Was it the al-Assad conflict that caused Hagel to resign?

Was it the al-Assad conflict that caused Hagel to resign?

The news about the resignation of U.S. Secretary of Defense Chuck Hagel came right after it was announced that the nuclear talks with Iran had been extended to the end of June 2015.

There have been a number of speculations in the American media about President Barack Obama’s possible moves after failing in the mid-term elections, including changing Secretary of State John Kerry and National Defense Advisor Susan Rice. But Hagel’s name was not mentioned very much on those lists of educated guesses in the DC beltway.

Speculation started immediately about the reasons for Hagel's resignation. Some centered on him being the only Republican in the Obama administration and others mentioned the discrepancies between Hagel’s performance in Afghanistan and the strategy in the fight against the Islamic State of Iraq and the Levant (ISIL). But the one that seems most probable is the one with links to Turkey and Iran: Hagel's conflict with Obama over whether to include the removal of Bashar al-Assad in Syria in the target list in the fight against ISIL.

It seems that the story had started to surface a little before the mid-term elections on Nov. 4, with a New York Times report on Oct. 30 about a two-page memorandum by Hagel to Rice suggesting that the broader Syria policy should be part of the fight against ISIL.

That was actually a softer version of something that has been highlighted by the Turkish government for months. President Recep Tayyip Erdoğan and Prime Minister Ahmet Davutoğlu have been saying ever since the ISIL forces seized Mosul and attacked the Kurdish-populated Syrian town of Kobane, (near the Turkish border), that only if the U.S. commited itself to the removal of al-Assad as a part of the campaign against ISIL, including the imposition of a no-fly zone in Syrian air space, could Turkey join with full military cooperation, including the opening of the İncirlik air base.

The White House hinted that Obama was also in favor of a Syria without al-Assad, but firstly the Congressional mandate was only against ISIL, not Syria, and secondly there were the critical nuclear talks with Iran to consider.

Iran has emerged as a power encouraging the Shiite militia as the only ground force against ISIL in the Iraqi theater, together with the Kurds. In addition, al-Assad is a natural ally for Tehran (as well as Russia).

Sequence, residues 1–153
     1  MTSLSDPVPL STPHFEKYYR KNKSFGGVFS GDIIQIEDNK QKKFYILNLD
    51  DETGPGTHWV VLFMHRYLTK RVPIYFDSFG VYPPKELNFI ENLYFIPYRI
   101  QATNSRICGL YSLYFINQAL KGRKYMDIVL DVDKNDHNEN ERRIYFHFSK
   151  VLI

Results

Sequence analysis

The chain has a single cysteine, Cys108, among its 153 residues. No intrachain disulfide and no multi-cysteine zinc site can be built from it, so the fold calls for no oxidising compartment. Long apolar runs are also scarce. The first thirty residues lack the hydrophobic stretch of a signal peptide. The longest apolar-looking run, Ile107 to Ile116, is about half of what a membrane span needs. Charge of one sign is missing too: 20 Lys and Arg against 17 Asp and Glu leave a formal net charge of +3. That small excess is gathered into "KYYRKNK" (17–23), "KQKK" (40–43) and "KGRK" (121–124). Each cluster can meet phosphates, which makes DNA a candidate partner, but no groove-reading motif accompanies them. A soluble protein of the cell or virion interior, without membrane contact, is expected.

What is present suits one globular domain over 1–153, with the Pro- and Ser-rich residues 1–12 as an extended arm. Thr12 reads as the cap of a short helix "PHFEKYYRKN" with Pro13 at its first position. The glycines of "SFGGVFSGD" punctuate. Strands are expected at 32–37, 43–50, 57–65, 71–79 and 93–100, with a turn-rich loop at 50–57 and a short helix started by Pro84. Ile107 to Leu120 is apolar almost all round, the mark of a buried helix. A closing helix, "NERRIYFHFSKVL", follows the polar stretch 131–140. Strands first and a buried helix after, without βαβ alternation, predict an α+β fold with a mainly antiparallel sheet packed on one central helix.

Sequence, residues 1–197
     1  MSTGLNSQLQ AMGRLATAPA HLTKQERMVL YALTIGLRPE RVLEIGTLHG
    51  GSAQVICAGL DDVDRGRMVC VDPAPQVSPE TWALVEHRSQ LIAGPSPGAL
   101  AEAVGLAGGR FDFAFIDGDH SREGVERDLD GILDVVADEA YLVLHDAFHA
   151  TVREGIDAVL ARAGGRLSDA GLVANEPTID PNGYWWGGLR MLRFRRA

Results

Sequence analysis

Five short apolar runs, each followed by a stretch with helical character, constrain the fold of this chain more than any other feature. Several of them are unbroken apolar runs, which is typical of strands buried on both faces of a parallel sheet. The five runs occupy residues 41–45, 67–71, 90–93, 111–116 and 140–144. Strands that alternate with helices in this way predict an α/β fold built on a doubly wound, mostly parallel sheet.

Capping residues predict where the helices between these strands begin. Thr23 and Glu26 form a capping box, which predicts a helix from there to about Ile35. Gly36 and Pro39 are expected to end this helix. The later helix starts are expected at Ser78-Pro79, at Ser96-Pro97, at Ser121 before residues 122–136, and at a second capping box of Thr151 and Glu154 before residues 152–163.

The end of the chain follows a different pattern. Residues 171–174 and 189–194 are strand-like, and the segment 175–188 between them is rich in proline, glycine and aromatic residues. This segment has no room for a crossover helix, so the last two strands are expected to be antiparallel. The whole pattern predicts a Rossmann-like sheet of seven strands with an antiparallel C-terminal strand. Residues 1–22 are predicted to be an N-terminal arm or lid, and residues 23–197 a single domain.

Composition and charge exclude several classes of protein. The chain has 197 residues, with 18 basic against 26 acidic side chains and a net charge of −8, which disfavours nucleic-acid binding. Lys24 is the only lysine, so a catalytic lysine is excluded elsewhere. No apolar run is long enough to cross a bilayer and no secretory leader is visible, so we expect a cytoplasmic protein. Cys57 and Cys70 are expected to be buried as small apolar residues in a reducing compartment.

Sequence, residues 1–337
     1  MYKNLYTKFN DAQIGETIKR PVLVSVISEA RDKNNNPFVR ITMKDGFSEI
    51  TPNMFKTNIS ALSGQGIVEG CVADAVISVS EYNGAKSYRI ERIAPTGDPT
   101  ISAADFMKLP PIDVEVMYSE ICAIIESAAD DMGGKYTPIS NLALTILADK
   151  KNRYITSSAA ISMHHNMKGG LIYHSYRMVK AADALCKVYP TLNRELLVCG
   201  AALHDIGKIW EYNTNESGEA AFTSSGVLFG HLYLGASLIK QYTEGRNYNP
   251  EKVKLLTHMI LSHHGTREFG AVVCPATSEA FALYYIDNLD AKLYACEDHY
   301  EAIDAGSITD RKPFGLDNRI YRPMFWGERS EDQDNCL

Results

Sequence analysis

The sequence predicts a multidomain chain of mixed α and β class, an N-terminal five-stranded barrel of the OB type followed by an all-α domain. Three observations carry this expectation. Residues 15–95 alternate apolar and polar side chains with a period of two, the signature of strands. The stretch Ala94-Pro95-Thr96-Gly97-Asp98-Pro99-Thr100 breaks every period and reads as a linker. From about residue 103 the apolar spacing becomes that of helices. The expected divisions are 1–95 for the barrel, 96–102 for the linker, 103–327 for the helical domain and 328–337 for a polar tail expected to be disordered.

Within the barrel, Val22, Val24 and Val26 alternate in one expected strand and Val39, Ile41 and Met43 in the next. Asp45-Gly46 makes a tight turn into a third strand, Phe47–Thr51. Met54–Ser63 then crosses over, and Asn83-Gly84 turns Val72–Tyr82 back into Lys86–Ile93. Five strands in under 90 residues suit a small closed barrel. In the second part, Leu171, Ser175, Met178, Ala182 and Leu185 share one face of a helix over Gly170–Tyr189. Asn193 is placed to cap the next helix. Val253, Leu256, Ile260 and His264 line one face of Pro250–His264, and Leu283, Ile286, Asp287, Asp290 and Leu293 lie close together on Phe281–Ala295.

The Iran-leaning Hezbollah militia from Lebanon have been fighting for al-Assad in the Syrian theater against both ISIL and other Sunni Islamist groups. If al-Assad was declared a target equal to ISIL, it could alienate Iran from that fight, perhaps triggering Hezbollah and other Shiite groups to attack U.S. targets. It could also lead to attacks from Israel and the Israeli lobby on Obama, accusing him of causing the collapse of the nuclear talks because of al-Assad.

On Nov. 13, CNN International ran a story citing unnamed senior U.S. sources, claiming that Obama is seeking a new Syria strategy to deal with ISIL and al-Assad together. That news was not confirmed by the White House, but it was welcomed by Davutoğlu, who was in Brisbane for the G20 Summit and said he would discuss the issue with Obama there, which he did. However, shortly after Davutoğlu said on Nov. 16 that Obama was leaning toward putting al-Assad on the target list, Obama himself said in a press conference that his anti-ISIL plans did not include the removal of al-Assad.

The issue was discussed at length between Davutoğlu, Erdoğan and U.S. Vice President Joe Biden during Biden’s visit to Istanbul on Nov. 21-23. They agreed to disagree on the al-Assad angle of the anti-ISIL fight and Biden returned to Washington empty handed.

The next morning, Nov. 24, the deadline for the Iran talks was extended for another seven months and then Hagel resigned.